Former Editor Malcolm Cracknell doesn’t get out much these days, but while the DSC regulars were fretting over consecutive weekends with GT entries at Silverstone of 45 – 55 cars, he pottered down to his local track, Brands Hatch, at the end of May at the invitation of Nigel Greensall, to (in theory) watch Nigel race a Lola T70 and a Shelby Mustang 350, in the Historic Masters Festival.
Nigel Greensall, Andy Wallace, James Weaver and I try to get together now and again for lunch, but our most recent event took an absolute age to organise: they’re three busy fellows, and whenever we set a date, one of them then had some racing-related event crop up and had to postpone. Eventually we made it though, in April (I can’t report any of our conversations – it was all off the record), and Nigel kindly invited my partner Sue and I to Brands for the Masters Historics Festival on the May Bank Holiday weekend.
When Nigel said he was racing a T70, James made the point that driving one of those was like “sitting in a large cleavage – the front wheelarches are like two huge breasts”.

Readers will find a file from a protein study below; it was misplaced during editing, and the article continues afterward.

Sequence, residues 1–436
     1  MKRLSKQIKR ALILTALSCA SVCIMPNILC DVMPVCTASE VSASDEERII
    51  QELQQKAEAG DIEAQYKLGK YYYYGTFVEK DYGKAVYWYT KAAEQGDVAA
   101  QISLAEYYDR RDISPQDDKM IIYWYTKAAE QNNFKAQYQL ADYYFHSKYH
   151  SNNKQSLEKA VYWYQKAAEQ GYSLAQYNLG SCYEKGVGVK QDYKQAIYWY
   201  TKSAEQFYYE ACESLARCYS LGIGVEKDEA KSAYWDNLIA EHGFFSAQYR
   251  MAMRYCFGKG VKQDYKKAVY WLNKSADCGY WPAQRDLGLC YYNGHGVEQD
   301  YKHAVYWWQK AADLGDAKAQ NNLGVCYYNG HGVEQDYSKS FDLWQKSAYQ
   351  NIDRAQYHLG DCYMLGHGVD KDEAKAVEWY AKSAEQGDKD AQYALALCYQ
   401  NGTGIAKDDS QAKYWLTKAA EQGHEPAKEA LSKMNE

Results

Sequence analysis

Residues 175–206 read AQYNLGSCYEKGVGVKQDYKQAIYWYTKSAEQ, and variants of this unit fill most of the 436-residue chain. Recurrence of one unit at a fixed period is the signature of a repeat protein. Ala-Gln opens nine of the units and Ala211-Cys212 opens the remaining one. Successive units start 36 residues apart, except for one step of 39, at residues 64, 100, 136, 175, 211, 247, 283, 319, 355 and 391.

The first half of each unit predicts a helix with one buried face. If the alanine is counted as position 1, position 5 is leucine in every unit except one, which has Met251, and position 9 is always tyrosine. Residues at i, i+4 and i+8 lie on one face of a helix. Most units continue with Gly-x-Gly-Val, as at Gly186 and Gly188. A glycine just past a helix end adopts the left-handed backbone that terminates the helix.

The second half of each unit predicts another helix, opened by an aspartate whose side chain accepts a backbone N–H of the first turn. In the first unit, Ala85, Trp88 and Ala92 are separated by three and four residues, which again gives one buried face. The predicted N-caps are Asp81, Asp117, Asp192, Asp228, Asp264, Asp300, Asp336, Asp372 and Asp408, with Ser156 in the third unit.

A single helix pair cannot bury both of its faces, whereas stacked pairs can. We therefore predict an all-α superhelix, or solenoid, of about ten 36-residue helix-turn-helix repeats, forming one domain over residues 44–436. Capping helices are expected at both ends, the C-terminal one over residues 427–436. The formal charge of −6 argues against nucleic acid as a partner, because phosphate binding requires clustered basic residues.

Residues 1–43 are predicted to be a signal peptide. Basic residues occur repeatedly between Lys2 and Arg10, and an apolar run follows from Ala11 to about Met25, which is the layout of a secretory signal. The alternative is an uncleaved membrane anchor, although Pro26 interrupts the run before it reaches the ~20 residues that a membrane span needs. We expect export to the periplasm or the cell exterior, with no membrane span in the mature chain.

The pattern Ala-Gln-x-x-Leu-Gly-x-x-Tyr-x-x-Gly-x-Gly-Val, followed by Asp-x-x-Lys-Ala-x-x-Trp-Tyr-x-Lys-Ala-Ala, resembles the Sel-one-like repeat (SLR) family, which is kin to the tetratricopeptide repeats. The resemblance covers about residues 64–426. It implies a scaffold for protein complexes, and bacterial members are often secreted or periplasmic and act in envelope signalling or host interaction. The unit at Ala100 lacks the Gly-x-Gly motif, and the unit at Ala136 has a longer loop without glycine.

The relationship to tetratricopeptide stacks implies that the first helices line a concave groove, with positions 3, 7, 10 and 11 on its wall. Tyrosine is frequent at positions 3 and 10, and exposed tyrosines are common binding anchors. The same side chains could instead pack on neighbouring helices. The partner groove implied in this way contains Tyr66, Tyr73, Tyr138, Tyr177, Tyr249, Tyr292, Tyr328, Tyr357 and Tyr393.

If you click the in-car video, below, you’ll see exactly what James meant!
Sue wasn’t terribly keen to go to Brands (oddly enough, that was the first place I took her 17 years ago, so we recreated our first ‘date’ – the lucky girl!), but had I been able to operate her iPad properly, I could have informed her that it was all Historics on the timetable: she likes old cars.
Summer finally arrived that weekend, although a strong wind and a hot sun eventually reminded me what it was like spending a day on the spectator banks: I was positively glowing by mid-afternoon. No media centre to shelter in for us.
Historic preparation man Simon Blake did have a large awning though, and there was the T70 – one of my favourite cars of all time – nestling alongside a Lotus Cortina and a Cobra. Simon made the point that such as the T70 are more reliable then ever they were in their day, thanks to modern materials and fluids – and excellent preparation.